A normal day (if there is such a thing in a law firm) might consist of duties such as fielding calls from users, routine network maintenance, performing or supervising cabling work when computers are moved or added, telephone maintenance, training new users, training current users on new software, working with attorneys in supplying technical support for specific cases, preparing budgets, monitoring expenses, working with outside consultants to assist with work that can't be done in-house, and so on. It's a busy, never-ending job.

What Firms Look For

It's apparent that there are numerous opportunities in the larger firms for individuals with an interest in computer technology. This is also an area in which previous legal experience is not always necessary. In fact, many people have told me that they would prefer to hire people for these positions who have never worked in a law firm in order to gain real-world technical experience. Firms sometimes hire away from the consultants they bring in to do the work that the staff can't handle!

How to Find a Position

Where should you look to find these positions? Read the newspapers and local legal press. Contact law firms directly once you narrow your focus on a particular geographic area. Like many computer-related positions, there is more demand than supply at the present time, so if your skills are good, you shouldn't have trouble finding a position. But unlike some computer-related positions where you may be able to lock yourself away in a room for days on end, in a law firm you will probably have to interact more with people at all levels. The attorneys want to be involved in the decisions that affect their firm, and this often includes how the computer system works. Your problem-solving skills should be excellent, as well as your ability to work well under pressure with all types of people.

Law Librarians

Many law firms have librarians on their staff. This resource is often a necessity in law firms, since attorneys and other staff personnel perform research on a daily basis. Getting the information they need quickly is vital to the operation of a law firm. The size of the library staff varies from firm to firm. Obviously, large firms will have bigger staffs than their smaller counterparts. The head librarian usually supervises any additional library personnel.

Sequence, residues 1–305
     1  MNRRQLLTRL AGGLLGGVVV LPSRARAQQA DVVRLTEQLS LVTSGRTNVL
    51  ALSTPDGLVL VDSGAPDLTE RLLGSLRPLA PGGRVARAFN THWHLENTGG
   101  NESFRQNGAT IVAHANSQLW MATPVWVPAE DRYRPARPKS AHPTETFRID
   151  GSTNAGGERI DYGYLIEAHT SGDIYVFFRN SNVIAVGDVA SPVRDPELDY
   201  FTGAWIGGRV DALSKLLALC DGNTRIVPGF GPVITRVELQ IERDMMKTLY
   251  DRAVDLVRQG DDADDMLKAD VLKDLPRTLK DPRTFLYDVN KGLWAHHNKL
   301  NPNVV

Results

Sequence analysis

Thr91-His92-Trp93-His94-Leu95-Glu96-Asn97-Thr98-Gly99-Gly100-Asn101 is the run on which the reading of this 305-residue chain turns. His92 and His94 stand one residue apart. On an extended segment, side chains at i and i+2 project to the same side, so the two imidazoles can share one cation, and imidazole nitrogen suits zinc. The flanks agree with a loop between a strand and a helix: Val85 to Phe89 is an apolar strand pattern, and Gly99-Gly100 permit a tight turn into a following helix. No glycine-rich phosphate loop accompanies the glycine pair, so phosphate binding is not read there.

What the Job Entails

The librarian often acts as a go-between-between the attorneys and whoever has the written information they need. The attorney tells the librarian what he or she wants, and the librarian knows where to find it. A librarian also instructs the attorneys on where to search for their own information. After a while, a good law librarian learns to anticipate the needs of the attorneys and has the information they routinely want even before they ask for it. An experienced librarian who is familiar with the law firm's practice areas knows what information is routinely useful to the attorneys. Since attorneys are in the business of selling their time, an experienced librarian is worth his or her weight in gold.

Other duties that come under a law librarian's domain include budgeting, routing materials to the proper attorneys and staff members, shelving books, keeping the library clean and organized, training, and performing computer research for attorneys and staff members. An assistant may also perform some of these functions.

The Skills Needed for the Job

Many, but not all, law librarians possess master's degrees in library science. In the larger markets where there is more competition for jobs, you may find that you have to possess an advanced degree. In some jobs, such as legal academia, law librarians may even have law degrees. You definitely need an undergraduate degree, even for an assistant's position. But others get in the field by working as assistants and eventually work their way into the head position.

It's becoming increasingly important to have strong technical skills for this position. Familiarity with Lotus Notes, Dialogue, Dunn & Bradstreet, the Internet, the World Wide Web, and other databases is becoming more the norm than the exception.

Also keep in mind that a librarian is in a helping profession. Nurturing and problem-solving skills are absolutely necessary. You also must like working with people.

If you're considering getting into this field, talk first to some experienced law librarians for advice. They may guide you in your job search. If you possess a master's degree in library science, your school placement office is an excellent place to begin your job search. Many firms post their jobs with area schools. Also check out legal trade publications in your market. If a firm needs an experienced librarian, this is where they may advertise. Also look in your Sunday newspaper, especially if you are looking for an entry-level or assistant's position. Another excellent resource is the American Association of Law Librarians. Contact them at the following address:

American Association of Law Librarians, Chicago, IL 60604

The Future for Law Librarians